Public servants and the First Amendment
The cases of the porn-selling officer, and the Ten-Commandments judge
By Marci Hamilton
Special to CNN.com
(FindLaw) -- On December 6, the Supreme Court decided San Diego v. John Roe. The case posed the question of how far the First Amendment's free speech protection reaches to protect a police officer in a uniform. The lawsuit was brought by a police officer who was fired for making pornographic videos of himself in apparently official garb, and distributing them for sale on the web (along with other items).
In a per curiam opinion (in other words, no single Justice took credit for writing the decision) with no dissents, the Justices held that the police officer had no First Amendment claim.
Meanwhile, the police officer wasn't the only public servant to recently try to claim constitutional protection for acts relating to his office. On December 14, Alabama Judge Ashley McKathan appeared to conduct a trial in a judicial robe embroidered with an easily readable version of the Ten Commandments.
The judge justified his act by saying, "you can't divorce the law from the truth ... [And t]he Ten Commandments can help a judge know the difference between right and wrong." Presumably, he -- like the police officer -- views his actions as being protected by the First Amendment, either through its Speech Clause or through its Free Exercise Clause.
Like the police officer, however, Judge McKathan is entirely wrong. When a public servant exploits his position of authority to serve his personal views and lifestyle, he has crossed the line. As I will explain below, neither of these men deserves any constitutional protection for his conduct.
The case of the porn-selling police officer
Let's start with the San Diego police officer, known to us only by the pseudonym John Roe. He sold his videos on the adults-only section of eBay, and included in the description of himself that he was a law enforcement officer. Eventually, his supervisors discovered and investigated his after-hours activity.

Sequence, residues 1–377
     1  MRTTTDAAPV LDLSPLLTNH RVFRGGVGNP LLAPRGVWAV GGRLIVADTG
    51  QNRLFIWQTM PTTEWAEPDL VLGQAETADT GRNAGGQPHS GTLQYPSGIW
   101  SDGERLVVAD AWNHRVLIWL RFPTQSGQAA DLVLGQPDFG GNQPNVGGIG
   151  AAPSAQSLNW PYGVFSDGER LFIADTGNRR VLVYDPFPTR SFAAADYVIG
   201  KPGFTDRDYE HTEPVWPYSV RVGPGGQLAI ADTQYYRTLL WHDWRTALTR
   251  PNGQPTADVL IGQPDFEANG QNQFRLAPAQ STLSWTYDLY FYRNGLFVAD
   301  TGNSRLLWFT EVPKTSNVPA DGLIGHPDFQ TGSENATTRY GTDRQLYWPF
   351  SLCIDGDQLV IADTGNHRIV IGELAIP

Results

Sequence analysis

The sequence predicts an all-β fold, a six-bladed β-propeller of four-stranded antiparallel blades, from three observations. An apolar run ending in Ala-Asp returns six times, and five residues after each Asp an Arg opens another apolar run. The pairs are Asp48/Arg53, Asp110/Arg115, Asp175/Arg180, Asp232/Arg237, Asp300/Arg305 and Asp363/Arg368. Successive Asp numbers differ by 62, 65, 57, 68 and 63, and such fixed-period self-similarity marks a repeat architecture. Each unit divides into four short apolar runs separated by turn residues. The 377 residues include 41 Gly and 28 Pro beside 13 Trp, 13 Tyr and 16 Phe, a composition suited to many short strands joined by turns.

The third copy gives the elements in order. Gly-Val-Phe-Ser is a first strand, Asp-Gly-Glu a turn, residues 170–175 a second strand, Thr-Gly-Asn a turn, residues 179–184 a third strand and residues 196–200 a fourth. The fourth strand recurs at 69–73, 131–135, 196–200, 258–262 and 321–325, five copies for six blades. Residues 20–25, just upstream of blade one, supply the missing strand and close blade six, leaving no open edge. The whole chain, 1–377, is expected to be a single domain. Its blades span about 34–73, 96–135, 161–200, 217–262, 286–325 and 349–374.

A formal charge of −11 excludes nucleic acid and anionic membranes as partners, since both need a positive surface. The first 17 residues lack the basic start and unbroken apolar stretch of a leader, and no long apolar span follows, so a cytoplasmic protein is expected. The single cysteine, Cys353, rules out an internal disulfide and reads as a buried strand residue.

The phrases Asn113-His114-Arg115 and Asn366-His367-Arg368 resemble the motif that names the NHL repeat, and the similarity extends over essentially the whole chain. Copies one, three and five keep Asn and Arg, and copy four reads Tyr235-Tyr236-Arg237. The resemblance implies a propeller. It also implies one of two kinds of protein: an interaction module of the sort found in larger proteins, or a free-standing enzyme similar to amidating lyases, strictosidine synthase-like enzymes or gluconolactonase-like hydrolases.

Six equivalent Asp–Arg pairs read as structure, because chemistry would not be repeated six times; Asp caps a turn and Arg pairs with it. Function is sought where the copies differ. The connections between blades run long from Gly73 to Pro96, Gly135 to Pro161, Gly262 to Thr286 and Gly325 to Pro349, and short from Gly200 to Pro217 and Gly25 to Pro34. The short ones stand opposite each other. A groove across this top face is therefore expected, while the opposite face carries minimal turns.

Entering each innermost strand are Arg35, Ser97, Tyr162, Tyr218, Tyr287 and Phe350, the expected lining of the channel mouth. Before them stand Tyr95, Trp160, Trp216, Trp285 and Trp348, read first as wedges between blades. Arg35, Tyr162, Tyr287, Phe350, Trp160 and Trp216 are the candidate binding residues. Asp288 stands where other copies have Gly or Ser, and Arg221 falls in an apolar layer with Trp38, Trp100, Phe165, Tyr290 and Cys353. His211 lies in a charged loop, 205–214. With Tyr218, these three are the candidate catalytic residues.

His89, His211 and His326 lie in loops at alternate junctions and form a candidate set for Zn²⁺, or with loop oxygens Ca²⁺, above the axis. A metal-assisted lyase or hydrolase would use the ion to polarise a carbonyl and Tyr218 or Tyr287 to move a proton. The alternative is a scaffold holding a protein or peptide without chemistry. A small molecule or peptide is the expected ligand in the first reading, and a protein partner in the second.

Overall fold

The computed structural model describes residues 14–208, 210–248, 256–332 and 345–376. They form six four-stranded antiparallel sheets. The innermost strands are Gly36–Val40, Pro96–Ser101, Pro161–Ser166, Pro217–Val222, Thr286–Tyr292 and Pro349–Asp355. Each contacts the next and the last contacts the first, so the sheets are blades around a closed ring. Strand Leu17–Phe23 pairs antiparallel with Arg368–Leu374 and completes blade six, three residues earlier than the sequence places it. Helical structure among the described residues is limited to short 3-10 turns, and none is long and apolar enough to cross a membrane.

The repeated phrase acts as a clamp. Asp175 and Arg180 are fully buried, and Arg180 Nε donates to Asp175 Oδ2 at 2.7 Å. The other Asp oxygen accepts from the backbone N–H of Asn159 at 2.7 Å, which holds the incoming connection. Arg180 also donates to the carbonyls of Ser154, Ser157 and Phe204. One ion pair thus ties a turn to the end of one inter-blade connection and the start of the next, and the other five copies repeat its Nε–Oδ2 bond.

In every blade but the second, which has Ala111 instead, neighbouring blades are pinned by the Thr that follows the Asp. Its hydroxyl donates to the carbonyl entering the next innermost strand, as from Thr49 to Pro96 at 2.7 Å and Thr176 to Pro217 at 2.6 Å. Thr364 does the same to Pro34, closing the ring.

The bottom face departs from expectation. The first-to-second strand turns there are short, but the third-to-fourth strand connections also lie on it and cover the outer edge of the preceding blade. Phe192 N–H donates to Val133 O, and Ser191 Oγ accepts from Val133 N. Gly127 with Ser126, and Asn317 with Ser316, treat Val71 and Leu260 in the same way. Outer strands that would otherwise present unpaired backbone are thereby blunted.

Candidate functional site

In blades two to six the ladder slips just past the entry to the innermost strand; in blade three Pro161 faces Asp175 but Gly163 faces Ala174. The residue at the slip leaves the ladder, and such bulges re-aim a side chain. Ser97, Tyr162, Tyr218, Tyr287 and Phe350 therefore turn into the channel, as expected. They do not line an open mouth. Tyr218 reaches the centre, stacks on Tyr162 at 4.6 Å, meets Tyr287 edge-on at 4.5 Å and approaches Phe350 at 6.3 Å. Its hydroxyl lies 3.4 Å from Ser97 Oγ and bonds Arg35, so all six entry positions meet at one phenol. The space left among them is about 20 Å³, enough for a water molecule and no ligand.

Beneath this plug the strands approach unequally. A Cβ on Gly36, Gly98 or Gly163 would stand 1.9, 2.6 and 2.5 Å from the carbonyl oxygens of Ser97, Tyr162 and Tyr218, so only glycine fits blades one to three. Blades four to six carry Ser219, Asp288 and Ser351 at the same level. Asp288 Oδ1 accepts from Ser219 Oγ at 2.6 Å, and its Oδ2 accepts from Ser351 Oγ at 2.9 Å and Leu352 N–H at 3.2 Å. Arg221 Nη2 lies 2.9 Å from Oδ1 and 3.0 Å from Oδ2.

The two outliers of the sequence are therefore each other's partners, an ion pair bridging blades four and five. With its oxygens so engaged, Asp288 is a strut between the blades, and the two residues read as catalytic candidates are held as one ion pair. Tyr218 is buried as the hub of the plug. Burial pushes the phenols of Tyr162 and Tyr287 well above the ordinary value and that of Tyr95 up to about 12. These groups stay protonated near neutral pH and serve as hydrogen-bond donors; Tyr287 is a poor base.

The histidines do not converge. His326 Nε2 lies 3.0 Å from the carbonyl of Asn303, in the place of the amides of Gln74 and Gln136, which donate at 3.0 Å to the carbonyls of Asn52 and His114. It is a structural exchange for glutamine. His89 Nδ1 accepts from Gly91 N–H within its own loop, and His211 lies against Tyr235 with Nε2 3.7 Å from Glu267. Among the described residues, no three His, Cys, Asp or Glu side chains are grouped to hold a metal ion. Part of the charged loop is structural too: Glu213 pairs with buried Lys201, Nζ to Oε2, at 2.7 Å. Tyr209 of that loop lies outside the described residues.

They concluded Roe had violated several police department policies, including those forbidding obtaining outside employment, engaging in conduct unbecoming an officer, and immoral conduct. Roe's supervisors instructed him to cease dealing in "sexually explicit materials." In response, he removed some of the items he had up for sale, but retained the descriptions of his raunchy videos, along with their prices. He was then terminated.
Truth be told, the Court's jurisprudence involving government employee speech is a bit muddy. Even so, the answer should have been obvious: Roe could not use the First Amendment as a shield to engage in conduct that was fundamentally at odds with the department's public mission. (The U.S. Court of Appeals for the Ninth Circuit had wrongly held otherwise, but the Supreme Court set it straight on the law.)
The Supreme Court made clear that government employees do retain First Amendment rights but that they are limited. Government employee speech is protected if it involves "matters concerning government politics that are of interest to the public at large, a subject on which public employees are uniquely qualified to comment." In addition, when "government employees speak or write on their own time on topics unrelated to their employment, the speech can have First Amendment protection, absent some governmental justification 'far stronger than mere speculation' in regulating it."
But Roe's speech did not fit the bill. By appearing in, and selling, his pornographic videos in a uniform, he spoke -- in effect -- on topics related to his employment, but he certainly did not speak on any topic on which he was "uniquely qualified to comment" by virtue of his job as a police officer. Moreover, his actions undermined the dignity of his office, and undermined, too, the trust the public needs to place in its police.
The Ten-Commandments-wearing judge
Very similar effects arise from Judge McKathan's antics. He undermined the dignity of his robes by making them a billboard for his personal religious beliefs. And he undermined public trust in his office - the judiciary, of course, is supposed to apply secular law, and apply it neutrally and evenhandedly, regardless of the parties' religious beliefs.